The young champions also participated in the media workshops and panel discussions. Our young champion Kader Avonnon was participated in a press conference simulation on abortion rights. The young champions also led a discussion session that focused on the importance of youth participation at inroads in the fight against the stigma of abortion. Some key recommendations were made at the end of this session in particular; to aim for 20% participation of young people (18-24) in the next inroads Global Gathering; to hold a youth pre-conference before the global gathering; and to increase representation of organizing committee of the inroads meeting; and lastly, to increase the network of Inroads members to 18-24 year olds.

It must be remembered that the inroads Global Gathering is the largest international meeting to date, providing an adequate forum for exchange among different actors around the world who advocate for the reduction of the stigma attached to abortion. The participation of the young champions at this meeting was an experience for them that inspired and sharpened their interest in their work on abortion. Therefore, they are better equipped to encourage the involvement of their peers at the local and international level and to pass on the gains made to them.

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La deuxième rencontre mondiale d’Inroads s’est tenue du 12 au 16 Mars 2018 à Zagreb en Croatie. Cette grande randonnée de portée mondiale, à réunie des activistes venus du monde entier notamment  de l’Afrique de l’Europe et de l’Asie, de l’Amérique du Nord et de l’Amérique Latine militant pour la lutte contre la stigmatisation liée à l’avortement.

Les objectifs de cette rencontre sont de réunir les différents acteurs venus du monde entier  qui travaillent pour la réduction de la stigmatisation lié à l’avortement. Analyser les défis mondiaux et régionaux que rencontrent les pays dans la mise en œuvre de leurs actions quotidiennes.

Cette rencontre a été riche en partage d’expériences et de bonnes pratiques à travers plusieurs exercices  et activités novatrices. L’une des activités phare a été le festival d’échange qui a permis aux représentant des pays et organisations du monde entier de partager avec les autres le travail qu’ils font dans leur pays, les outils et matériels qu’ils utilisent et même les stratégies qu’ils utilisent pour parler de l’avortement dans leur pays. Ainsi les jeunes champions du projet Packard ont représenter l’IPPF en présentant les outils élaborés par l’IPPF sur l’avortement et le travail qu’elle fait avec les jeunes au Bénin, au Burkina-Faso et au Ghana sur la lutte contre la stigmatisation liée à l’avortement.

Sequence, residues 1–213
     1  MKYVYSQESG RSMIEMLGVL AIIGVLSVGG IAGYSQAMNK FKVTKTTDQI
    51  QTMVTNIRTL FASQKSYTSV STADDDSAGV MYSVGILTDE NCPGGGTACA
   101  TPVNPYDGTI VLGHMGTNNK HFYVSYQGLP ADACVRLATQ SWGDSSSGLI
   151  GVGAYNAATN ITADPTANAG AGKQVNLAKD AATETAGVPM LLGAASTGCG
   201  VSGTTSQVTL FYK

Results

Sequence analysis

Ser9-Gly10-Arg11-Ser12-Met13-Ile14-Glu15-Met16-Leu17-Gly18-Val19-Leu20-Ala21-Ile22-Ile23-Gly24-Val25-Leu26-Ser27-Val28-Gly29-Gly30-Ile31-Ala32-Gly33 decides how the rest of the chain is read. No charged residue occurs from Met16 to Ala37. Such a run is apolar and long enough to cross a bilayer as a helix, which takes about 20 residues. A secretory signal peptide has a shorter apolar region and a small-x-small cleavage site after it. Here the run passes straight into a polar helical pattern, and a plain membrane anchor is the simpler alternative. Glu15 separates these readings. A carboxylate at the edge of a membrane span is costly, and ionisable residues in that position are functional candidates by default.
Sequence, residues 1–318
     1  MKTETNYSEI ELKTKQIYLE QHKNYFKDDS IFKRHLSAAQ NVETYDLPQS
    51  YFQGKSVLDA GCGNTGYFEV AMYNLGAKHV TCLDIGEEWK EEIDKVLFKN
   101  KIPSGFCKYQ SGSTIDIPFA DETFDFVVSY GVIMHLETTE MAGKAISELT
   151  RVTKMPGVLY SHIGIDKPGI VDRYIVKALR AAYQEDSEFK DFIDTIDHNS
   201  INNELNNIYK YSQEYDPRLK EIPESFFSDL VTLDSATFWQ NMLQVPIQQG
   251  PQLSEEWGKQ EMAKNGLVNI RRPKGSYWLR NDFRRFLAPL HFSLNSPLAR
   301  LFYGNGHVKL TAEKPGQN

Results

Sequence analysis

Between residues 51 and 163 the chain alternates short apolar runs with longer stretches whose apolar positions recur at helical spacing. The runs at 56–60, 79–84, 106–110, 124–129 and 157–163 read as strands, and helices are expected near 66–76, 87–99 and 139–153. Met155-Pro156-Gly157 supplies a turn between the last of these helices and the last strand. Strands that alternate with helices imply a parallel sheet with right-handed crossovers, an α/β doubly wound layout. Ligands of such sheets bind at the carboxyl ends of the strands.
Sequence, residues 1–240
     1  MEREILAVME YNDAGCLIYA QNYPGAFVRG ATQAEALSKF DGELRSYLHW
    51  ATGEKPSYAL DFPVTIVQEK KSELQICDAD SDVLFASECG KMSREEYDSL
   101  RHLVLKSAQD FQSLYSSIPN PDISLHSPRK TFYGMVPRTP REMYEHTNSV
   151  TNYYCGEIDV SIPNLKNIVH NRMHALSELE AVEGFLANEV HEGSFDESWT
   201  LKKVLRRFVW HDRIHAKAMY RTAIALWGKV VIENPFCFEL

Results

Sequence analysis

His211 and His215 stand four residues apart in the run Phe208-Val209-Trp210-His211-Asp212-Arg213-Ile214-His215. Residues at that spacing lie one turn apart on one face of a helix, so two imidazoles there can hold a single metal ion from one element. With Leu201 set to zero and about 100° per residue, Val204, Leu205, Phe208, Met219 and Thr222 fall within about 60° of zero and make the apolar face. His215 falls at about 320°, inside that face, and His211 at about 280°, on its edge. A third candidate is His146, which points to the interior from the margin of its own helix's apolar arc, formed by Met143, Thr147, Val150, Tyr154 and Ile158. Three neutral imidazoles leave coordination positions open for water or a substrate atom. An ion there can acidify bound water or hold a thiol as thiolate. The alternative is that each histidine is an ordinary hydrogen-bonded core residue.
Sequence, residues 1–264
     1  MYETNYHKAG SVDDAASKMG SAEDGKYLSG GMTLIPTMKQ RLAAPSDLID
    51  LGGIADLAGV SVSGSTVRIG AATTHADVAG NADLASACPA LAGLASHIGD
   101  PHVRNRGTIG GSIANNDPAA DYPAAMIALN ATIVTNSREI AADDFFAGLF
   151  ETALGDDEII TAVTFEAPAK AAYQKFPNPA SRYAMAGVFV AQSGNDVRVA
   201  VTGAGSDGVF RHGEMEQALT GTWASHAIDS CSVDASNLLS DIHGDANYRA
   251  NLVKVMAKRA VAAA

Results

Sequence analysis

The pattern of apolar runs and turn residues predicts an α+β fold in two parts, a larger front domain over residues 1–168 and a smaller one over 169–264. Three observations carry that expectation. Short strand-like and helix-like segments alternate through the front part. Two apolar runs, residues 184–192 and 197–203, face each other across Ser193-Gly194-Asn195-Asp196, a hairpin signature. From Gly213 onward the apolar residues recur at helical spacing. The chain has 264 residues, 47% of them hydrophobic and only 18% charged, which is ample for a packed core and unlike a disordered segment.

Les jeunes champions ont aussi participé aux sessions sur les médias,  les panels de discussion de haut niveau et aux panels parallèles. Sur ce fait le jeune Champion Kader Avonnon a été panéliste dans le panel de haut niveau consacré à l’interview des journalistes telle une conférence de presse.

Les jeunes champions ont aussi conduit une session de discussion qui a portée sur l’implication des jeunes au sein d’Inroads dans la lutte contre la stigmatisation de l’avortement. Quelques recommandations phares ont été faites à l’issue de cette session notamment ; faire participer à hauteur de 20% les jeunes (18-24ans) lors des prochaines rencontres mondiales d’Inroads ; tenir désormais une pré-conférence des jeunes avant la réunion mondiale d’Inroads ; veuillez à la représentativité d’un jeune dans le comité d’organisation de la réunion d’Inroads. Accroitre le réseau des membres d’Inroads aux jeunes de 18- 24ans.

Il faut retenir que la rencontre mondiale d’Inroads est la plus grande réunion internationale à ce jour qui offre un cadre adéquat d’échange aux différents acteurs du monde entier qui militent pour la réduction de la stigmatisation liée à l’avortement. La participation des jeunes champions  à cette rencontre a été pour eux une expérience qui a galvanisé et aiguisé leur intérêt pour leur travail sur l’avortement. Aussi sont-ils mieux outiller pour susciter l’implication de leurs pairs au niveau local et international et faire répercuter les acquis sur eux.

        Kader AVONNON

        Jeune Champion/IPPF

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Photo Courtesy inroads, 2018. Photographer, Jenni Kotting.